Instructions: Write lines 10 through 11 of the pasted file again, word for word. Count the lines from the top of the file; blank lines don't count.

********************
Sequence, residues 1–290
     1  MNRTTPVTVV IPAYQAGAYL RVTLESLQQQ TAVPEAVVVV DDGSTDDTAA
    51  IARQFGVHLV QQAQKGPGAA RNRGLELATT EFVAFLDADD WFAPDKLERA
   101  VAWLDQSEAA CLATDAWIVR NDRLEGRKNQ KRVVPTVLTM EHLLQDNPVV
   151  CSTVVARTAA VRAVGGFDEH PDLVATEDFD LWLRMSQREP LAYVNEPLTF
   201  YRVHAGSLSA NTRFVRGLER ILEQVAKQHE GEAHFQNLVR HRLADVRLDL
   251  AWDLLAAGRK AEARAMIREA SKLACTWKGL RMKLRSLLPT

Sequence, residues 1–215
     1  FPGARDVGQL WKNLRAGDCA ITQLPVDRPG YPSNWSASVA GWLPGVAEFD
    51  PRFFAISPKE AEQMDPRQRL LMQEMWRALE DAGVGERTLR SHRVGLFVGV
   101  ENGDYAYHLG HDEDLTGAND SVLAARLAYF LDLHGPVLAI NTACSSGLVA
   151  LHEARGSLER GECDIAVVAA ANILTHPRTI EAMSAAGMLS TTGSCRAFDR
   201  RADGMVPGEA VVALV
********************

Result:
    51  PRFFAISPKE AEQMDPRQRL LMQEMWRALE DAGVGERTLR SHRVGLFVGV
   101  ENGDYAYHLG HDEDLTGAND SVLAARLAYF LDLHGPVLAI NTACSSGLVA